While the primary responsibility for staff security lies with host governments and aid agencies themselves, the safety and well-being of aid workers is nevertheless a major priority for institutional donors internationally. Both institutional and private donors expect their money to be used responsibly. They expect NGO partner agencies to do everything they can to minimise the risk to front line staff, to have in place sound security plans, and to equip their staff to anticipate, avoid and react to problems as they occur.

While this expectation is articulated and spelled out in donor guidelines, there remains a need to ensure the greatest possible clarity as to the standards expected by donors and aid agencies alike in terms of professional humanitarian security management. Ultimately, if donors demand a higher standard of security management for staff, and threaten to cut funding, then aid organisations which have previously not taken seriously their duty of care are likely to respond by increasing the professionalisation of their security management. Sharon Commins was kidnapped in Sudan’s Darfur area for 106 days in 2009 when she worked with GOAL.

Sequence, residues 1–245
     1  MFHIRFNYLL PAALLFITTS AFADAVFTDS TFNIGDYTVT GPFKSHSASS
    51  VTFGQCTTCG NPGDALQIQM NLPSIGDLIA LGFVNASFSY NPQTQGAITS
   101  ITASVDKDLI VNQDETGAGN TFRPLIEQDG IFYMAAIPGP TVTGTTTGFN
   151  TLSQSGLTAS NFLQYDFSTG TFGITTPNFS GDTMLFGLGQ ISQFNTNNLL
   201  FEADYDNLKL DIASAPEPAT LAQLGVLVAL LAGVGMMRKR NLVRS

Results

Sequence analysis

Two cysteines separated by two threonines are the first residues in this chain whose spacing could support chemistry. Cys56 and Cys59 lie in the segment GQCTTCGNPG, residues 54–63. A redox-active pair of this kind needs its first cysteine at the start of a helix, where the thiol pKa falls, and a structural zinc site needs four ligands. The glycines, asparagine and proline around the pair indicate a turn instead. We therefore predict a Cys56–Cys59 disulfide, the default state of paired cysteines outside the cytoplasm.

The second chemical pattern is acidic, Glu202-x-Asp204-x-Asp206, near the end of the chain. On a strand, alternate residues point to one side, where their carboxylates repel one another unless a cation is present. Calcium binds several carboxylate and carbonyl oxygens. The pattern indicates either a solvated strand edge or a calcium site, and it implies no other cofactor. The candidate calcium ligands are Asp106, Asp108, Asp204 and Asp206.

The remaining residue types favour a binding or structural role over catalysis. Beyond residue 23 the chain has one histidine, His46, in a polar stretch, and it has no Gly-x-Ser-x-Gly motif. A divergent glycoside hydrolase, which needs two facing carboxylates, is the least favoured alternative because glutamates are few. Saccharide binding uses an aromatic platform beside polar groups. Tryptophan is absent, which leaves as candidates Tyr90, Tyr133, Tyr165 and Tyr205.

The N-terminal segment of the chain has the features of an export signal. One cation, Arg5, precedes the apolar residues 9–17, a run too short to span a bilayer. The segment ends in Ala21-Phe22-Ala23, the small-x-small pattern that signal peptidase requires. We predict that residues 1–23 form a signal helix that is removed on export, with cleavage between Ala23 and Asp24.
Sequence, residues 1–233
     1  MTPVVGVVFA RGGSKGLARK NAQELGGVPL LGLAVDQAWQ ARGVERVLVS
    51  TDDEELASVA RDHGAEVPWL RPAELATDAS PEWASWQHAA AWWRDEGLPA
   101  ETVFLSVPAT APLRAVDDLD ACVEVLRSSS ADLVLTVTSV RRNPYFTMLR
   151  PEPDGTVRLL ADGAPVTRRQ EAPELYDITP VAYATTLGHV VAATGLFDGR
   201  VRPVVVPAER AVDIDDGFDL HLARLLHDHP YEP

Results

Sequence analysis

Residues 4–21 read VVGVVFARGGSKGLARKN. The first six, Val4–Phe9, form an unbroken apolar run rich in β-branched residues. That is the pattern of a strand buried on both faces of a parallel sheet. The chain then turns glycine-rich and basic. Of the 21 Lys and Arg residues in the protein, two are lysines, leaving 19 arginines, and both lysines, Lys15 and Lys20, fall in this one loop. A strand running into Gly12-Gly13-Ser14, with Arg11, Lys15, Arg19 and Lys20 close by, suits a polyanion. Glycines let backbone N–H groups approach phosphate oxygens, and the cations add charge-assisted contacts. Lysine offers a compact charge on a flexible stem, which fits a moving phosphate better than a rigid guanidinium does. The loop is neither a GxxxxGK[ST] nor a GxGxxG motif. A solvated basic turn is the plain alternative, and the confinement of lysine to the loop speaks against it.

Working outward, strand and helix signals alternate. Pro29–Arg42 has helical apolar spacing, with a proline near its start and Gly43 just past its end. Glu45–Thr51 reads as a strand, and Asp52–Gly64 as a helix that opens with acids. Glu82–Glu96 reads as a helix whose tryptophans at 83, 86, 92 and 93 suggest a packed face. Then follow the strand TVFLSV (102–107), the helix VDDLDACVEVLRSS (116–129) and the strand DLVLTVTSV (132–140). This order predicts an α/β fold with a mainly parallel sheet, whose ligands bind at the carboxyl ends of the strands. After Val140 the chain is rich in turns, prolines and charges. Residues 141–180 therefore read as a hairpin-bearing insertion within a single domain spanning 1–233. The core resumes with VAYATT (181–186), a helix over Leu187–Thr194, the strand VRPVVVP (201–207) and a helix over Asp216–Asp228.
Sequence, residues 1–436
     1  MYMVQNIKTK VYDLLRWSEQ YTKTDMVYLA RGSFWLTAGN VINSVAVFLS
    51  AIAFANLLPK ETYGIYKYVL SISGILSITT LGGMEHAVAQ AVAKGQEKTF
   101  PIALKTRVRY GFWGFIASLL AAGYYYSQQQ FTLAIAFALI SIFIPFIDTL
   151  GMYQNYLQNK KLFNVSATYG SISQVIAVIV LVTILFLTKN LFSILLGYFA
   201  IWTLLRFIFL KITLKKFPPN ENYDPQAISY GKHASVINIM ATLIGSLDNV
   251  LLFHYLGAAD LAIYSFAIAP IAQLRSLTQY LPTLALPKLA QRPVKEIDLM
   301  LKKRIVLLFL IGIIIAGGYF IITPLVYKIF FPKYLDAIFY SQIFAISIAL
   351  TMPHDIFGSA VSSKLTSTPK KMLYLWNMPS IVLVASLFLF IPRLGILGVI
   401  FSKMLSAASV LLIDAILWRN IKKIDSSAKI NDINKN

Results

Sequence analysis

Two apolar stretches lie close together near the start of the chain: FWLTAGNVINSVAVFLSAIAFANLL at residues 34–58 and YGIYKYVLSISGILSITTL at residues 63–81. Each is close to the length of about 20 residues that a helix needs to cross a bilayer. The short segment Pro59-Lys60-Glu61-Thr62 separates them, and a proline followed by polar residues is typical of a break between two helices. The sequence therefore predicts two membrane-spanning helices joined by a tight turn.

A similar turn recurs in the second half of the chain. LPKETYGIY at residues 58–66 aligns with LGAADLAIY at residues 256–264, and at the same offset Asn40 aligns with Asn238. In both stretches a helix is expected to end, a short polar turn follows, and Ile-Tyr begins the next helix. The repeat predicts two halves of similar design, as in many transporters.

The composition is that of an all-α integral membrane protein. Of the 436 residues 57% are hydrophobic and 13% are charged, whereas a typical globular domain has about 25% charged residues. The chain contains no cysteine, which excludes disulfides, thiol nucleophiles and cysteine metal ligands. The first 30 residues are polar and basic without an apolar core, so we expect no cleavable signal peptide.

She has subsequently accused the agency of failing to provide proper protection for staff. She is currently working in the aid sector in Ireland. Comhlámh recently facilitated a workshop on this issue with D’talk, recognising its importance – for more info please email info@comhlamh.org.

Also, Comhlámh offers a range of support services to returned development and humanitarian aid workers. These services include subsidies to access counselling sessions and personal/group and post traumatic stress debriefings.